A new bureaucratic obstacle could make it even harder for asthma patients to get the medicine they need.
For several years now, high cost-sharing has stood between patients with severe asthma and immunotherapies such as mepolizumab and omalizumab. It may be a high deductible that must be fulfilled before health plans will pay their share. Or perhaps an insurer that’s placed the medication on a specialty tier, requiring patients to shoulder not just a flat co-pay but a hefty percentage of the drug’s total price.
Patients find themselves being asked to pay an amount that can rival their monthly grocery or utility bill. Some pay up at the price of personal sacrifice to themselves or their families. Others simply go without treatment.
But now, physicians who administer these medications in their offices are encountering access barriers of their own. The medications, which physicians inject via syringe, are shipped to physicians’ offices and kept in a climate-controlled environment until they’re used. A year or two ago, I would receive a two-three month supply in a single shipment. My staff would then keep the medication on hand to ensure that it was available and ready when patients needed it.
Today, the logistics are more complicated. Due to cost-cutting strategies devised by health plans and their pharmacy benefit managers, I receive “just-in-time” shipments. They arrive barely a day, maybe two, before I see the patient who will need the injection. And while a shipment once contained enough medication for a patient for three months, I might now receive a shipment with only a single dose.
Waste not, I agree. But when frugality stands to interfere with patients’ ability to access the medicine they need, I call that extreme. A hiccup in shipping could mean that I don’t have the medication a patient needs when he or she arrives at my office.
Not to mention that the red tape involved in providing these medications is multiplied under this new approach. Physicians and their staff must complete the necessary paperwork to obtain these medications more frequently. And patients bear the burden too. The litany of required questions – Do they still live at their given address? Do they still require the medication for the condition cited? – must be answered with each and every shipment request.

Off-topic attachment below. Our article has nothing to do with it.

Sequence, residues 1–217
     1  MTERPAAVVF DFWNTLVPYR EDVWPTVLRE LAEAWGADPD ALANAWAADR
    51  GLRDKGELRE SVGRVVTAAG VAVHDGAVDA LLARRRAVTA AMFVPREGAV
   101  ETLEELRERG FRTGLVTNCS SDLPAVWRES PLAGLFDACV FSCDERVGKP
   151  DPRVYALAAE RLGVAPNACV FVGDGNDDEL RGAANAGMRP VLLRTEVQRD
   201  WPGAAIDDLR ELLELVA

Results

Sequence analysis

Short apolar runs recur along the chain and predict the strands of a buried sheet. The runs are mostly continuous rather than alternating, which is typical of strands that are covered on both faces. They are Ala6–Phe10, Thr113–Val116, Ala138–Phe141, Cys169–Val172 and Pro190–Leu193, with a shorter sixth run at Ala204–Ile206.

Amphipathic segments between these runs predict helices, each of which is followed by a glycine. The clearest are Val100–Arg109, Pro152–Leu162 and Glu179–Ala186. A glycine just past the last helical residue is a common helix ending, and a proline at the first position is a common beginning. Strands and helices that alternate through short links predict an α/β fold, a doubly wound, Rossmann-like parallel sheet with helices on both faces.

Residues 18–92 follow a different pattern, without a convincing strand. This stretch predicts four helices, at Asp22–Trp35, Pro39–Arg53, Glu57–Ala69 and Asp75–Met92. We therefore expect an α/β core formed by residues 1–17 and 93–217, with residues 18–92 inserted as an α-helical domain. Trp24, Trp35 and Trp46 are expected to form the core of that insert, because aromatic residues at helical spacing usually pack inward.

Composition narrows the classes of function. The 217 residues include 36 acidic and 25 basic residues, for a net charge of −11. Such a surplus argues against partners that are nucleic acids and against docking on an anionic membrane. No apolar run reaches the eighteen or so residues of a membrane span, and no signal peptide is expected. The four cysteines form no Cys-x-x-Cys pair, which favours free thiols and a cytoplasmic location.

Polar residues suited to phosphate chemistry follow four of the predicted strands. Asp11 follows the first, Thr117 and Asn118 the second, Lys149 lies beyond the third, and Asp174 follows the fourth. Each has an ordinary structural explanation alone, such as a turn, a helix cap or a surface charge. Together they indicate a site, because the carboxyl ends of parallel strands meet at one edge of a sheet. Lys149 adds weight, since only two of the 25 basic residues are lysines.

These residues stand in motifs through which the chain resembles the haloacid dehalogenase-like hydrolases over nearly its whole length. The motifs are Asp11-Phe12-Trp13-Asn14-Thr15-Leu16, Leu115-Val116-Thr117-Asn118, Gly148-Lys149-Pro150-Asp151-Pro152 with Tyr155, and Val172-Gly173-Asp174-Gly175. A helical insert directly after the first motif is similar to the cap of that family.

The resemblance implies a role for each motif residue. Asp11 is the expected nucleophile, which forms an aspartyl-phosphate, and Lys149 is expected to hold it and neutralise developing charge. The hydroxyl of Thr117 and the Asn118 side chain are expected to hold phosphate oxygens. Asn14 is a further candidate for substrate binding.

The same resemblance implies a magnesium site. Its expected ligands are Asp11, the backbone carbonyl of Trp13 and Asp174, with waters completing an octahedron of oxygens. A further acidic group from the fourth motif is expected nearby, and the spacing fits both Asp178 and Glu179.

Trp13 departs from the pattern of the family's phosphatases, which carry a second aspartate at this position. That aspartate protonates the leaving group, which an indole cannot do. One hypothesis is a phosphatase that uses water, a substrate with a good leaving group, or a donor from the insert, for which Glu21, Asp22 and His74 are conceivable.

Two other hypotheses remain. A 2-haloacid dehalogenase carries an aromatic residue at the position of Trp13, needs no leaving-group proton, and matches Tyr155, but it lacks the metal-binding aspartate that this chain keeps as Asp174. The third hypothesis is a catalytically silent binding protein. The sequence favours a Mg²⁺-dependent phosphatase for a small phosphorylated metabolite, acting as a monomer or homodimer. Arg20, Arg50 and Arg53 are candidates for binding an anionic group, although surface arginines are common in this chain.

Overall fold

Worse, this obstacle materializes after a patient and physician have jumped through health plan hoops on the front end, such as obtaining the health plan’s prior authorization for treatment. First we must complete extensive forms, make phone calls, navigate the back-and-forth between physician and insurer just to get treatment approval. Then, physicians face the logistical hurdle of physically obtaining the treatment for their patients.
Advanced medicine is costly and should be handled with care, I agree. Some degree of due diligence is understandable. But how does this affect patients? I see no evidence that the health plans or pharmacy benefit managers imposing these policies are passing any cost savings to patients. More likely, patients are missing doses due to timing and shipping logistics issues. Some of my patients now get their injected biological every five-six weeks instead of every four weeks as is recommended.
That might save their insurer money, but it imposes a significant cost in terms of patient health.
Patients with severe asthma waited years for a medication that works. Yet now they find themselves either priced out of access or blocked by proceduralism.
These patients deserve better.
Allen Meadows, M.D., is a solo community-based practitioner at the Alabama Allergy & Asthma Clinic in Montgomery, Ala. He is chairman of the Alliance for Patient Access’ Respiratory Therapy Access Working Group.